Something I want to add here is that I constantly hear artists talk about newbies undercutting their prices, and how it's bad for the industry. While there may be some cases where someone knowingly undercut another artist - I can ASSURE YOU-- an established artist IS NOT worried about the person charging $175/day. Not only are they NOT in competition with them professionally based on knowledge and skill level, they don't want that cheap client! There is a place for newbies to cut their teeth. Their is a place for experienced professionals as wellClients and production companies (which are, by the way, run by human beings) hire people based on three things: Quality of work, Personality, and Rate. In my experience, rate is usually negotiable, personality is not. When someone wants to work with you, they will find a way. People can smell desperation a mile away. Getting undercut by someone over a $50-100 difference is like getting rejected by the guy who only booty-calls you on Tuesday for some girl he hooked up with at the club on Saturday. It's not love, baby. It never was. That client doesn't truly care about quality work and probably wouldn't notice if you gave it to them, what they are looking for, is an easy deal. The ones that love you, stick with you (and there will be many!)  So don't go getting butt-hurt over Jenny-who-took-your-client and is making less money than you were when you had them. See it as a window for you to fill it with something or someone else.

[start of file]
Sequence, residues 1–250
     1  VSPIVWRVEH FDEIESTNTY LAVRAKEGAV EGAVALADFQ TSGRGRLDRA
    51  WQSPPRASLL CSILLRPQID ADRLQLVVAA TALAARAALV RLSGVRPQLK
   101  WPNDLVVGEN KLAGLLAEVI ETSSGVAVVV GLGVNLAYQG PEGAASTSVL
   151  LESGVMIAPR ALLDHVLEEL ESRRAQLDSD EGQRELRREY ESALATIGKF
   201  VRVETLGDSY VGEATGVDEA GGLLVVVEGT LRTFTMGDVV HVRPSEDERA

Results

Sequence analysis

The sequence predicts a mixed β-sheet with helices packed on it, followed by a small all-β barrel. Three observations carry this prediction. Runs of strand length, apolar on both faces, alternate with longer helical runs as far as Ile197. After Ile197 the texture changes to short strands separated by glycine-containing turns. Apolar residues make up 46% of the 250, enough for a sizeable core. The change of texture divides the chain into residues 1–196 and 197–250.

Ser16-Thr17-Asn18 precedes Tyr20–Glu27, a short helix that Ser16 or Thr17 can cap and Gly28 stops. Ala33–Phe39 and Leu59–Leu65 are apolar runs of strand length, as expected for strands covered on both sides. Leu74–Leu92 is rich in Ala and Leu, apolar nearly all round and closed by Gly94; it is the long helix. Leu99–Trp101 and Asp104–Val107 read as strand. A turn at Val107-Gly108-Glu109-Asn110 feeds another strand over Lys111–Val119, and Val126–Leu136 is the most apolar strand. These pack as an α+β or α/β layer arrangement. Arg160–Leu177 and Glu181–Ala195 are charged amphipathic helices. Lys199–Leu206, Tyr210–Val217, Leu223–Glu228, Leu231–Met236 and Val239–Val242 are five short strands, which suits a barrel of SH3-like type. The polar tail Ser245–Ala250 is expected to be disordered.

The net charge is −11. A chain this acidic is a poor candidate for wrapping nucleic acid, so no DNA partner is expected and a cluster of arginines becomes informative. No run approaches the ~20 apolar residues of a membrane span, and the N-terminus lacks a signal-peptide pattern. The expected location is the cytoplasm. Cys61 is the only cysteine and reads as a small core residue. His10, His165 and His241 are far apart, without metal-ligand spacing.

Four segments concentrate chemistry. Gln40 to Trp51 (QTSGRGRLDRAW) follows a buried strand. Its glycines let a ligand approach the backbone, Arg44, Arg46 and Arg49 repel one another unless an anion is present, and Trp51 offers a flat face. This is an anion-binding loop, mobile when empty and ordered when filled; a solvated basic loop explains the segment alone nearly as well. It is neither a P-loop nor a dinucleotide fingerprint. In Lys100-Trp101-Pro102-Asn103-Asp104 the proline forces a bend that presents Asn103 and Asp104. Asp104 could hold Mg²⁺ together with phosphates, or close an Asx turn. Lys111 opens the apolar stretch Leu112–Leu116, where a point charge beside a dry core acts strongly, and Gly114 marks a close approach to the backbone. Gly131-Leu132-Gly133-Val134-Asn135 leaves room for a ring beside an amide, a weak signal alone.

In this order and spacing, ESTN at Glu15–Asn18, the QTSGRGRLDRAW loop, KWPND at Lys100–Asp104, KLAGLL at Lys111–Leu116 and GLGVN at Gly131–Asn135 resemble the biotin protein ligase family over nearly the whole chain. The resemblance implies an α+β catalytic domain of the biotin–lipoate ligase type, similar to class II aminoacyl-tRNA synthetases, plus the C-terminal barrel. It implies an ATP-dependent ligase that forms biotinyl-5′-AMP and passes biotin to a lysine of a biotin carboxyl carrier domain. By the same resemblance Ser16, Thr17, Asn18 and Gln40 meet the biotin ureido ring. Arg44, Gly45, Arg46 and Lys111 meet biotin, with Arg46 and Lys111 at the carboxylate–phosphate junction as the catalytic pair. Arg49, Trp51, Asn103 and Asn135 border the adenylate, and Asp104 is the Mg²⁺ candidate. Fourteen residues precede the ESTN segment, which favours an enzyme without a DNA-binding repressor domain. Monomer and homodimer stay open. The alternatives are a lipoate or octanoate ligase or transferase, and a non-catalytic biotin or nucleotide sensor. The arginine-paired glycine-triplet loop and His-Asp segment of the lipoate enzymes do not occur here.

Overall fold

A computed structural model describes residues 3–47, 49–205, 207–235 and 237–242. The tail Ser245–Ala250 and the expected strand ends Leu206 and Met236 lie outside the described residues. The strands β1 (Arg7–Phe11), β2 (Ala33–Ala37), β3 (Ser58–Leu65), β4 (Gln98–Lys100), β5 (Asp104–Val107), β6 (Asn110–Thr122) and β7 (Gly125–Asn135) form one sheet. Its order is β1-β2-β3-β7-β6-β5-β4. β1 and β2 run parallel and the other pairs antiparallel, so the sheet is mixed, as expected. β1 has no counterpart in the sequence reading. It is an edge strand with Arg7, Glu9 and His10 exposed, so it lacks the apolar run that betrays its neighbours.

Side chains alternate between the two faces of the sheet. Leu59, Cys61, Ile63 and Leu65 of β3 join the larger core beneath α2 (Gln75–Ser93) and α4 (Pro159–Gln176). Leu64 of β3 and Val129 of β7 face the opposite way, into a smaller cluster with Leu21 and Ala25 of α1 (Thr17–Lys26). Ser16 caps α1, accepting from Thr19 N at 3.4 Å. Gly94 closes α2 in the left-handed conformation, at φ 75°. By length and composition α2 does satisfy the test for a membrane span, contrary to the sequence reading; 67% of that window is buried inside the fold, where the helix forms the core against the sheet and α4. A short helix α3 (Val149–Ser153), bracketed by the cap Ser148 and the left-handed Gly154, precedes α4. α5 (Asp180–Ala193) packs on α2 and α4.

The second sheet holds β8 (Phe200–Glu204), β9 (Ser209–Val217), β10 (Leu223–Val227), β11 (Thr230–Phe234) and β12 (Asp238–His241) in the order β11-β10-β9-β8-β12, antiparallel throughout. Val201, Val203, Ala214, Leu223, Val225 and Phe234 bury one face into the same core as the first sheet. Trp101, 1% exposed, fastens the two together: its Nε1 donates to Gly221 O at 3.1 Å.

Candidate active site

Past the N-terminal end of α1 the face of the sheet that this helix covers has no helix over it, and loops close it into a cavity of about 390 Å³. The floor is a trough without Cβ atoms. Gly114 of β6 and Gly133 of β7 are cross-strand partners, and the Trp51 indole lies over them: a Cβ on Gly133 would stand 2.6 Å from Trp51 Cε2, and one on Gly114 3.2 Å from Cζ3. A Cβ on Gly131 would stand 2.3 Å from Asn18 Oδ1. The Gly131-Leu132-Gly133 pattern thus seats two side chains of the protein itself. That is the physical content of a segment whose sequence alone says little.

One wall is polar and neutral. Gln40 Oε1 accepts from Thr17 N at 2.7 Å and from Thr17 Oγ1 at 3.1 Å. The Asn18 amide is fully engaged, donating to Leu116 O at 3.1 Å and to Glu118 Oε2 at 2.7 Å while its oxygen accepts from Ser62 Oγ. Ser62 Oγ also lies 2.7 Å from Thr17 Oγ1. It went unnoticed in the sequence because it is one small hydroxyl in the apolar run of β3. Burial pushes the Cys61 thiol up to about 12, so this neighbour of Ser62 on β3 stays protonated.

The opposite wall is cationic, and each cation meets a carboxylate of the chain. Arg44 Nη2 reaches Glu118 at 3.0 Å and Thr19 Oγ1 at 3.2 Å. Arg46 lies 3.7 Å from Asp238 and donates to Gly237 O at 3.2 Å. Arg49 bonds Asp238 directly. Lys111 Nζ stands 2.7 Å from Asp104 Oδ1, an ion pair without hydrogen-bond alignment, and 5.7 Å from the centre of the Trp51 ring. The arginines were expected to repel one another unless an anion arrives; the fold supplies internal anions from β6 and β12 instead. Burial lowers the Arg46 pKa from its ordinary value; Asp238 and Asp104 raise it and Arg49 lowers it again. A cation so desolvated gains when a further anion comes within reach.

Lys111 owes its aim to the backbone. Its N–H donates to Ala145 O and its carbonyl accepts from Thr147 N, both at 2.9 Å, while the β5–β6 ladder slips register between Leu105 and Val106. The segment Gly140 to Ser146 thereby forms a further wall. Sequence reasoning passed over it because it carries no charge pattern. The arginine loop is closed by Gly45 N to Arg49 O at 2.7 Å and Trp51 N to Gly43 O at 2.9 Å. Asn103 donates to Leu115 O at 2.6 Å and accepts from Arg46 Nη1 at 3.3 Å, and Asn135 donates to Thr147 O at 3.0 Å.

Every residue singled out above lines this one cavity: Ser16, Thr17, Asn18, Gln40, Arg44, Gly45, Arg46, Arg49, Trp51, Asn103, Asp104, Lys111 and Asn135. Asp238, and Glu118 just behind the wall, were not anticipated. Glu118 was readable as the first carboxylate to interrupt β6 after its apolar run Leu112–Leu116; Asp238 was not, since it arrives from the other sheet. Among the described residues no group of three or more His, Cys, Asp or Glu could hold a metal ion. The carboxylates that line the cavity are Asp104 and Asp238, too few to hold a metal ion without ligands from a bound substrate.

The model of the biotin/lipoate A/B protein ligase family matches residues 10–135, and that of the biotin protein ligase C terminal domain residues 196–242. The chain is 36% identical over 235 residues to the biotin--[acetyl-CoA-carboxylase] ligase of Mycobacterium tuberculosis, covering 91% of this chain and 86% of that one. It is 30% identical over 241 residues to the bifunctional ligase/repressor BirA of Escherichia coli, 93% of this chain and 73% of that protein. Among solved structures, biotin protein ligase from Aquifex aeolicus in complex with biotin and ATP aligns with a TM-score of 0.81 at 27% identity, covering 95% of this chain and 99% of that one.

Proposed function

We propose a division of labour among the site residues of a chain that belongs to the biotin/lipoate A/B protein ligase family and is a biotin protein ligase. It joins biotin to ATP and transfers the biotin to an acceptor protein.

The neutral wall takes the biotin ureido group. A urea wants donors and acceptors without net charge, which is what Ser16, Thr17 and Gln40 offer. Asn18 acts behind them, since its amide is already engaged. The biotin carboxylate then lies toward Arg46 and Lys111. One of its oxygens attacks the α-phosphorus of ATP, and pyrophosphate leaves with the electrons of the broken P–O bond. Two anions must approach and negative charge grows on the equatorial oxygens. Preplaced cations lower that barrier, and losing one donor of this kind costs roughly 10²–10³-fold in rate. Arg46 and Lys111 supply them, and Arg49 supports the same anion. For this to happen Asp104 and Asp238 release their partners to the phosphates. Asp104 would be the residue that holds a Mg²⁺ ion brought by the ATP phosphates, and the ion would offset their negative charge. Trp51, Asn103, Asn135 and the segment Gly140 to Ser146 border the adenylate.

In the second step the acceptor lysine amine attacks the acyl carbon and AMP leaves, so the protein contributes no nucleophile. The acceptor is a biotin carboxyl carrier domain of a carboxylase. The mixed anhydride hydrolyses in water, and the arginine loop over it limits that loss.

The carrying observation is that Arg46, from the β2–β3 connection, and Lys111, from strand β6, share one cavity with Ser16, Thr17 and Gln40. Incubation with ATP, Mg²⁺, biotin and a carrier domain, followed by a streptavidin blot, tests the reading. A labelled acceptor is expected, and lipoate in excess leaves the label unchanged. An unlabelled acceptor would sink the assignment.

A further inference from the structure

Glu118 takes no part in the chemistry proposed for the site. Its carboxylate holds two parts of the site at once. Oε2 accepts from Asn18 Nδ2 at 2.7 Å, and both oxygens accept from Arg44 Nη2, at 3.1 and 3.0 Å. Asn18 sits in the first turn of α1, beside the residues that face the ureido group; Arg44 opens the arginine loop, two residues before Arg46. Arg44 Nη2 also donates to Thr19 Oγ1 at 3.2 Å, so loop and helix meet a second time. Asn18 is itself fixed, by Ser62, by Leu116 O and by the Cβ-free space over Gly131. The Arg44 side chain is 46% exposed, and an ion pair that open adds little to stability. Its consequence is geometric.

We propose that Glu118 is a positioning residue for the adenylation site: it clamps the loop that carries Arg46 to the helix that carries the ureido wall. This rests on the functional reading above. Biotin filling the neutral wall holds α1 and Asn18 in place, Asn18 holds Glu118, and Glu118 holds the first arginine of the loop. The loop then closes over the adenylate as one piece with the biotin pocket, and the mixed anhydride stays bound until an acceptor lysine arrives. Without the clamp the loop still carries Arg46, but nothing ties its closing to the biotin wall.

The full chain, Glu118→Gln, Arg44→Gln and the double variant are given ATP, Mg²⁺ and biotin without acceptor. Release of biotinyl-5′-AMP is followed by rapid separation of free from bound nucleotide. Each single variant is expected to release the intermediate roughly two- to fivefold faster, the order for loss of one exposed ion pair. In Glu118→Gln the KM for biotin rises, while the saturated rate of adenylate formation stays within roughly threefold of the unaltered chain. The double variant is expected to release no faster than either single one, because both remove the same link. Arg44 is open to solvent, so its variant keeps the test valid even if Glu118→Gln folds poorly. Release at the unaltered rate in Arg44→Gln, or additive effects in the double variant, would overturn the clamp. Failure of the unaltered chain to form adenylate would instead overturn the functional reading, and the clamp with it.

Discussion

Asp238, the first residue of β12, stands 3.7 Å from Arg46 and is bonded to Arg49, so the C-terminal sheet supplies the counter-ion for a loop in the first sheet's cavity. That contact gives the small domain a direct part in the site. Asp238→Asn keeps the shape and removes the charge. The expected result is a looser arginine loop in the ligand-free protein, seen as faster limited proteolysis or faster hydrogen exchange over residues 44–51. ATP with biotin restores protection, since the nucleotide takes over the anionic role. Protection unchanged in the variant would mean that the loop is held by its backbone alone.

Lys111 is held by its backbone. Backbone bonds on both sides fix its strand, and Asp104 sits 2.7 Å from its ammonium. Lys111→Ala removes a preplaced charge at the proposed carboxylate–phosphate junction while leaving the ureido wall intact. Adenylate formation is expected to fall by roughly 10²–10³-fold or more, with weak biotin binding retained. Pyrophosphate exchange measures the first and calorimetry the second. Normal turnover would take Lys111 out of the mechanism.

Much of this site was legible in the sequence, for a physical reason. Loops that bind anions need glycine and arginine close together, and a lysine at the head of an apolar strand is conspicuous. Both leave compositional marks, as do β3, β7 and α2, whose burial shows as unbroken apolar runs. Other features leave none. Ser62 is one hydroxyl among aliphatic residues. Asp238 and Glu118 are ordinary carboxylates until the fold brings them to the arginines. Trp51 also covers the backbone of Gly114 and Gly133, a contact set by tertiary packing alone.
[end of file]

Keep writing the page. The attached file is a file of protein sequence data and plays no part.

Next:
Business is funny, because it you can sell a lot for a little bit, or a little bit for a lot. In our world, that translates to more clients for less money, or less clients for more money (I have yet to see more clients + more money be a thing, but I am sure it exists.) The truth is no single makeup artist or hairdresser holds ALL the celebrity contacts or contracts. No one artist can work for every agency, or be at every shoot at once. This in itself means that there is room for many people to be successful. Likewise, not everyone can afford the top tier artists, and there is a need to serve clients with more modest pocketbooks. Opportunity exists. Either approach to business is acceptable. I have seen both work, and have seen people be very successful and happy doing it. 

Look around, who's REALLY your competition? Most rates for film industry artists are a google-search away. Finding out rates for people on your current path should be as easy as calling around, or asking a (successful and honest) industry friend. You can usually identify who these people are because they are the first ones to offer you better rates when they are available, get you in with product companies when you need sponsorships, or let you do more than just clean their brushes when they ask you to assist them. With that said, there are enough faces and hair to go around, I promise.